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Shelter zoning talks detailed

Thursday, December 23, 2010

Zoning issues and the objections of neighbors are the reasons that a homeless shelter won't be allowed in a Shelbyville neighborhood, according to the city's planning director.

Dr. Carl Bailey, president and chairman of the board of CROSS Shelter Project Inc., had claimed in a column published on Dec. 12 in the Times-Gazette that the city's Board of Zoning Appeals had not reviewed an application for a homeless shelter because Shelbyville's planning and codes director Ed Dodson "declined to allow the application to be presented to the board."

However, Dodson says that while discussions were held concerning a shelter earlier in the year, Bailey has never filed any application with the planning office.

Bailey's column was a reaction to an article about the Dec. 2 meeting of the planning commission in which zoning requirements for homeless shelters were discussed.

Currently, there is no category in the city's code for a facility for the homeless, and state planner Art Brown told the commission at that meeting that a C-2 zone, a commercial zone, would be the most comparable, because that is where a motel would be placed.

"No assurances"

In the spring, Bailey came to Dodson to inquire about possibly moving their shelter to a location on South Cannon Boulevard, since the owner of the home where the facility is currently located had decided to sell it.

The area on South Cannon is zoned R-1, low density residential, and is several blocks south of Southside School. Dodson said he told Bailey at that meeting that the city did not have the proper zoning category in its ordinances for a homeless shelter.

Dodson had also explained to Bailey he had only been in the planning job for two and a half months, and that he was "in a learning experience."

But the planning director also said he explained to Bailey he wasn't sure "how this was going to go," noting that there were several ways that his application could be blocked, primarily if the neighbors objected to the shelter's presence.

Dodson stated that no assurances were made in that meeting, and staff members of the planning and codes department also told Bailey that if he was going to request a zoning change or an submit an application for a shelter on South Cannon, registered letters would have to be sent to the surrounding homeowners.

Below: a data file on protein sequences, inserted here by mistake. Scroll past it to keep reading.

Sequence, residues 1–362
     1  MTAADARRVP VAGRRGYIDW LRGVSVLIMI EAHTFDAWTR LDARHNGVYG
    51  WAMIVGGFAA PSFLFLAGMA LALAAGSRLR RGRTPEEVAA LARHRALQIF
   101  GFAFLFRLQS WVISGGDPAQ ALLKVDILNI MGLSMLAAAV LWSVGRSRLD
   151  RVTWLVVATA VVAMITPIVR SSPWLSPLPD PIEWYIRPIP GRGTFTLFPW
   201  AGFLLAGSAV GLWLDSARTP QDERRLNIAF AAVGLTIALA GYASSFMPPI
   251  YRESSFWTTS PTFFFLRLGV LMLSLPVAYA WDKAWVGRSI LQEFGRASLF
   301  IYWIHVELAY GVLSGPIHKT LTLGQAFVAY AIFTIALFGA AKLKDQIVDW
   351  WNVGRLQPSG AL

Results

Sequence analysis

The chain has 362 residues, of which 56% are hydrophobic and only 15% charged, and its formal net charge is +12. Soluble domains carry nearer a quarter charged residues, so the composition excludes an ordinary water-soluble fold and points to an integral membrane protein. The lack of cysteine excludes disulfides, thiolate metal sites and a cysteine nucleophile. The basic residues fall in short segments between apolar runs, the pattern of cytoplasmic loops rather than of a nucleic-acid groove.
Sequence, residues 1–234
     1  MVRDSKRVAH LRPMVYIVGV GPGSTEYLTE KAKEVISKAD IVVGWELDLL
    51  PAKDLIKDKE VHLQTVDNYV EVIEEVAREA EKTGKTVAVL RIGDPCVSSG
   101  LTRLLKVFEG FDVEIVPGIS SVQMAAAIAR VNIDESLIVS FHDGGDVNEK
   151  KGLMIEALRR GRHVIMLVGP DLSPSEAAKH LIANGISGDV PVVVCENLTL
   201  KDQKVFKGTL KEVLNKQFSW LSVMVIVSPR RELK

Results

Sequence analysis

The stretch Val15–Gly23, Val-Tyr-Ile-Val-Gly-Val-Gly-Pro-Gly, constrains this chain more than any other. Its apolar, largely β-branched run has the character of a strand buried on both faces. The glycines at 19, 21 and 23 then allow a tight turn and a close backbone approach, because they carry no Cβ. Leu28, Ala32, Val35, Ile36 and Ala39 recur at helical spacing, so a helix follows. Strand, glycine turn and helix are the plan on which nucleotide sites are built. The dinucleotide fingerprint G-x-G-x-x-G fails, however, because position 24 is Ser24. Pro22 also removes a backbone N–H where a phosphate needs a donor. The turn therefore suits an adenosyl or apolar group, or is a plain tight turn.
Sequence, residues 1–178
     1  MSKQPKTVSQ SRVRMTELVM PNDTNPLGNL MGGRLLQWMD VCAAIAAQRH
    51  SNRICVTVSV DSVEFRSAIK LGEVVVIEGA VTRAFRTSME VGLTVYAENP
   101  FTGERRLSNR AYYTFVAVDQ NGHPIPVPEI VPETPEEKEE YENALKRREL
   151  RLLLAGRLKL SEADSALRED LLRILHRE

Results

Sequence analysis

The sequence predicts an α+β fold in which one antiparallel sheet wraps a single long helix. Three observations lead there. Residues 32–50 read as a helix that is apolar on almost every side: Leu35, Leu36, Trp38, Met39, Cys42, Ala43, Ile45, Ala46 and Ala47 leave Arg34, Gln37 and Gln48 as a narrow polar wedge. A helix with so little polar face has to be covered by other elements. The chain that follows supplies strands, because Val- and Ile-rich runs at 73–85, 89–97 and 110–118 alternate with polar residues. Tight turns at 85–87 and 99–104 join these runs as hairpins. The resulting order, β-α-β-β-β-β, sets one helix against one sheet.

"We were in uncharted territory here," Dodson said about the inquiry made last spring, but stressed that Bailey never filed any application with the planning office for the shelter.

But Bailey apparently was sending out the letters to the neighbors, because Dodson's office was receiving copies of them. Staff members told Dodson about the copies, pointing out that Bailey had yet to make any application for a homeless shelter and that the process was being handled backwards.

Not only that, but the recipients of the letters from Bailey were strongly objecting to having a homeless shelter in their neighborhood.

Bailey had also discussed the issue of the zoning for shelters with Brown, who looked into it and suggested that the only place a shelter could be placed was in a C-2 zone.

Neighbors' objections

Sometime in July or August, Bailey returned to the codes office, meeting with Brown and Dodson, saying he was ready to make his application and that CROSS had bought the property on South Cannon.

But Dodson and Brown explained to Bailey about the state planner's opinion on the zoning, as well as the other stumbling block.

"There was substantial resistance and objections from the owners and surrounding neighbors," Dodson said, telling Bailey that he was not going to be able to make an application for the shelter in that area due to the zoning issue.

Dodson also pulled together a zoning map for Bailey, showing the C-2 districts where a shelter would be permitted, he said. Bailey then had a meeting with city manager Michael Dill and council member Kay Rose about the issue in late September.

An e-mail from Dodson to state planner Brown dated Sept. 30 stated that he had already explained all of the reasons to Bailey in the first meeting why the neighbors "may object to this type of use and that if they were not on board, it would probably not be allowed."

Brown wrote that his memory of the conversation with Bailey was consistent with Dodson, "in that he was told that neighborhood concerns could potentially block his proposed activity."

"My primary concern is that Dr. Bailey is aware that from my perspective the homeless shelter is not a use permitted in the zoning district, even though there is no specific language of that nature," Brown wrote.

In early October, Bailey then told WSMV television in Nashville that Dodson had led him to believe that Shelbyville's zoning rules would allow the shelter to operate on South Cannon.

Since that television report was made, Dodson said he has not heard back from Bailey about the shelter.

Dodson said he thinks Bailey "has a very admirable cause that he's attempting to pursue here" and said it was unfortunate "that he backed into it the way he backed into it."

"It's something we need to address here in Shelbyville, and that's why I brought it up at the planning commission," Dodson said about the zoning issue.